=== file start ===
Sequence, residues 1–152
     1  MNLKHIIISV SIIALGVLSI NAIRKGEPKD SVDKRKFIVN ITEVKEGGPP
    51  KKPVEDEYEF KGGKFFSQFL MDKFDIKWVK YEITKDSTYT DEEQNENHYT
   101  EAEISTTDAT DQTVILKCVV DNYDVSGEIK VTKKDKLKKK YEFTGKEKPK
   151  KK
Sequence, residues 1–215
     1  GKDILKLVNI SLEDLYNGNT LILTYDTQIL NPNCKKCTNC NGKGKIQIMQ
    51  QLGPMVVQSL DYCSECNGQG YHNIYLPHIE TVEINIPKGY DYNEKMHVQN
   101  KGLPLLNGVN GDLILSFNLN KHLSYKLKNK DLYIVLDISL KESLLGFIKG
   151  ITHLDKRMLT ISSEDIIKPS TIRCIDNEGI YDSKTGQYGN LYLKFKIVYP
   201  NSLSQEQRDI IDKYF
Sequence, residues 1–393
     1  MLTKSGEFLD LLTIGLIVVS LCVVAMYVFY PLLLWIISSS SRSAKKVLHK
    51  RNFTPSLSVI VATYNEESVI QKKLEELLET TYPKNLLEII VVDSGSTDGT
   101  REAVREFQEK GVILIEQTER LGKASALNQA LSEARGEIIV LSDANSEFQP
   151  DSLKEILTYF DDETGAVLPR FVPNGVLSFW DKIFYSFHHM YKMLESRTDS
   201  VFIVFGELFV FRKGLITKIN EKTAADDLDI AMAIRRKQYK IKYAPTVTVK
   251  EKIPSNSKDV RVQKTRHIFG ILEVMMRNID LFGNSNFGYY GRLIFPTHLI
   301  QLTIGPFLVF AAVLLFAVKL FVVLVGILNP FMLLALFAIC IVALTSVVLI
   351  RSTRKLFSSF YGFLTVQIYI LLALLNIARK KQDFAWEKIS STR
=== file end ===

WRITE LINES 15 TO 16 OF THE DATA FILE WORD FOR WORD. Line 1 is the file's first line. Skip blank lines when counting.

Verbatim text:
   101  REAVREFQEK GVILIEQTER LGKASALNQA LSEARGEIIV LSDANSEFQP
   151  DSLKEILTYF DDETGAVLPR FVPNGVLSFW DKIFYSFHHM YKMLESRTDS